Meantime Wordsworth sailed from Yarmouth, had interviews with Klopstock at Hamburg, remained several months at Goslar, returned to England in the spring of 1799, and soon after took up his residence with his sister at Grasmere, in Westmoreland. In 1800 appeared a second edition of the "Lyrical Ballads," in two volumes, with the addition of many new pieces, and with an exposition in prose of the principles on which as a poet he professed to write. They were reprinted in 1802 and 1805, and became popular with a large class. In 1802 Wordsworth married Miss Mary Hutchinson of Penrith, whom he had known from childhood, and on whom he wrote the lines, "She was a phantom of delight." In 1803, on a tour through Scotland, in company with his sister and Coleridge, he made the acquaintance of Sir Walter Scott and Sir George Beaumont. His sister's journal of this tour, edited by Principal Shairp, was first made public in 1874. In 1807 he published two new volumes of "Poems," the sale of which was almost stopped by the contempt and ridicule of Jeffrey in the " Edinburgh Review." In 1809 Wordsworth published an essay on the convention of Cintra, which he strongly condemned; and from that time he became a conservative.

He removed in 1808 to Allan Bank, and in 1813 to Rydal Mount, in sight of Lake Windermere, his residence for the remainder of his life, the grounds and gardens of which were skilfully embellished under his direction. In 1813 also he was appointed distributor of stamps in the county of Westmoreland, an office which afforded him over £500 a year. It had long been his aim to compose a vast philosophical poem, as an introduction to which he completed in 1805 " The Prelude," first published posthumously in 1850, containing a record of the cultivation and progress of his own powers. The main poem, entitled "The Recluse," was to consist of three parts; but only the second part, entitled "The Excursion" (1814), was ever published. In 1815 appeared "The White Doe of Ryestone," a romantic narrative poem, to which he assigned the highest place among his productions; in 1819 the seriocomic tales of " Peter Bell " and " The Wagoner," both of which had been written many years before, and were severely attacked; and in 1822 a collection of sonnets and poems under the title of "Memorials of a Tour on the Continent," soon followed by his series of ecclesiastical sonnets.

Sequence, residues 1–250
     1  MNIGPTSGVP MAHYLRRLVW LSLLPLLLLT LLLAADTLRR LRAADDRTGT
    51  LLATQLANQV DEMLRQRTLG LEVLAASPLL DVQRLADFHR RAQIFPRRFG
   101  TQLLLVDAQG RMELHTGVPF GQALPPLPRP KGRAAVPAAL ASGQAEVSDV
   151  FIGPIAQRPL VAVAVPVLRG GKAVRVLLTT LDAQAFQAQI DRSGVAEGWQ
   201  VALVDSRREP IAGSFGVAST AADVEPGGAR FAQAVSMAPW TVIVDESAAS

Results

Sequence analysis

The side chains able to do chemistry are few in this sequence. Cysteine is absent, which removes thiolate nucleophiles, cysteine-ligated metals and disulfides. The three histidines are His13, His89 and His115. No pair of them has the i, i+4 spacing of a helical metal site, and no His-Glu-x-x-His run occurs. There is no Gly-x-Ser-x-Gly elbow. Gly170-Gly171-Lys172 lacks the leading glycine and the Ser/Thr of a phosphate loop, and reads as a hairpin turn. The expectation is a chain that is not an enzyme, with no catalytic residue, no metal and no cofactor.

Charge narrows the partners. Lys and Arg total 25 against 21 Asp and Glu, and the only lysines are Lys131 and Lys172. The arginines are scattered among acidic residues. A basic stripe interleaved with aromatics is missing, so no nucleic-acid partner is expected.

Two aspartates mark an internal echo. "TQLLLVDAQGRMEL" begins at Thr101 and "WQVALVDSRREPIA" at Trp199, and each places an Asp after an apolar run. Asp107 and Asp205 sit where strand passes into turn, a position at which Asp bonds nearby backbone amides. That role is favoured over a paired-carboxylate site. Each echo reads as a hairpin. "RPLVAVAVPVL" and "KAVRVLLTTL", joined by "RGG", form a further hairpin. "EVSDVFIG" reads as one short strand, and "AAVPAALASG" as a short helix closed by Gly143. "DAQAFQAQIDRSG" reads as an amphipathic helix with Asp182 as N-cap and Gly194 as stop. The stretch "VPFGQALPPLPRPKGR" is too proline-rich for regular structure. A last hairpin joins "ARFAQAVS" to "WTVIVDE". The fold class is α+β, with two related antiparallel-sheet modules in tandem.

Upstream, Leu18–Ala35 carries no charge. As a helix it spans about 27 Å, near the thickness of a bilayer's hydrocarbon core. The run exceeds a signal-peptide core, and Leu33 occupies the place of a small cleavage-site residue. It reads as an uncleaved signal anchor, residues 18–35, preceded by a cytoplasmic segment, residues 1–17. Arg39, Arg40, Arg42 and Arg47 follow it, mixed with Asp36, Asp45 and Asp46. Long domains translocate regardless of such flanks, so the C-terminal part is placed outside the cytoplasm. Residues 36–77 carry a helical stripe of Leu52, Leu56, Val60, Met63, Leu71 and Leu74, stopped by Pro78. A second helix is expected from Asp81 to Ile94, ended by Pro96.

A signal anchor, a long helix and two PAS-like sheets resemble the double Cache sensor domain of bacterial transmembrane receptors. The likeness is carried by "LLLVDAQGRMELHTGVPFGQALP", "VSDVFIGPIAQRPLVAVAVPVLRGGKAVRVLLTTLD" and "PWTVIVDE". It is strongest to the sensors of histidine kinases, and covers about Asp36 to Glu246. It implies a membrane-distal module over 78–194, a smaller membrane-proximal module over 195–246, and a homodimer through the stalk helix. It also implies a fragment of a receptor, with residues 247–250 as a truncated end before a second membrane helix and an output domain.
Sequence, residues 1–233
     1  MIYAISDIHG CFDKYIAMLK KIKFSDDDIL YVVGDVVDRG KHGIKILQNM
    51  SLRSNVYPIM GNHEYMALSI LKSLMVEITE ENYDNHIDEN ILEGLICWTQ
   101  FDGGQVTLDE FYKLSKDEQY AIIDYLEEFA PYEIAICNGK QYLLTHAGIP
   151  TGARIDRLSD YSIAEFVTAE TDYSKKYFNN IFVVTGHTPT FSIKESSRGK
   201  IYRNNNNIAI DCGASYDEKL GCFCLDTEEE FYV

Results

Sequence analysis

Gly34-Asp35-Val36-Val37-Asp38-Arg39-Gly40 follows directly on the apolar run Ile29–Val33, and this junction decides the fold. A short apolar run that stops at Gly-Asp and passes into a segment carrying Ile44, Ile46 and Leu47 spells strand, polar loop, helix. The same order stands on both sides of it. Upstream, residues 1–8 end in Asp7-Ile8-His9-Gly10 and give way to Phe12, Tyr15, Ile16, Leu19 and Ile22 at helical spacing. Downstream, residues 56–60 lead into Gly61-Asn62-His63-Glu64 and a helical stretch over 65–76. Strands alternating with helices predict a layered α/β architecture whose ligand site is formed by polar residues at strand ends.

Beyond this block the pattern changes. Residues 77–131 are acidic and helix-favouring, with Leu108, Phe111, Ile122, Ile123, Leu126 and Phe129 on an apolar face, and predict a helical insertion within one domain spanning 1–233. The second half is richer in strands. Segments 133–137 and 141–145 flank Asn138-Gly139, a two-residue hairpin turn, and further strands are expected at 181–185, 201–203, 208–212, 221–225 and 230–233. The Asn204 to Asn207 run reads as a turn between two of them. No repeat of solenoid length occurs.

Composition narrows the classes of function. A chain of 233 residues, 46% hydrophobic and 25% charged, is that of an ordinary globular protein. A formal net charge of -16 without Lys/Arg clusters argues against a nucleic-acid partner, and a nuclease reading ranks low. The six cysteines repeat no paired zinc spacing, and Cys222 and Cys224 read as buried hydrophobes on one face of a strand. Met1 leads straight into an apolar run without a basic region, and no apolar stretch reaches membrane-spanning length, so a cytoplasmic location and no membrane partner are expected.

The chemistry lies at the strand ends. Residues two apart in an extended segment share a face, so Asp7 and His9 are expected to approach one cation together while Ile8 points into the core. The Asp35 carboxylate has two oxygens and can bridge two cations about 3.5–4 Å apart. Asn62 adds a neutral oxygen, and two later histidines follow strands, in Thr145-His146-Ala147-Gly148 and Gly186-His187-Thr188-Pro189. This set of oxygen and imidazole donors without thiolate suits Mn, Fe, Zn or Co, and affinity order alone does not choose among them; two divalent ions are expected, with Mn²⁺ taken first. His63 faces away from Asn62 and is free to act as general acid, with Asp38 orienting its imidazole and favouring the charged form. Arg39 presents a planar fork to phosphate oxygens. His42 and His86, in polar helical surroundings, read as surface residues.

His whole income from his literary labors had not in 1819 amounted to £140. But his reputation rose rapidly from 1830 to 1840; in 1839 the degree of D. C. L. was conferred on him by the university of Oxford; in 1842 he was permitted to resign his office to his second son, and received a pension of £300; and in 1843 he succeeded Southey as poet laureate. He published a collected edition of his poems in 1842, arranging them in a newr order according to subjects. His complete prose works, including "An Apology for the French Revolution," various letters and speeches on education, two essays on epitaphs, and much other heretofore unpublished matter, including several poems, have been edited by the Rev. A. 13. Grosart (3 vols. 8vo, London, 1876). - His only daughter, Dora, married in 1841 Edward Quillinan, author of several poetical works, " The Conspirators, a Romance," and a partial translation of Camoens's "Lusiad." She published "Journal of a few Months' Residence in Portugal, and Glimpses of the South of Spain" (2 vols. 8vo, 1847), and died July 3, 1847.

II. Christopher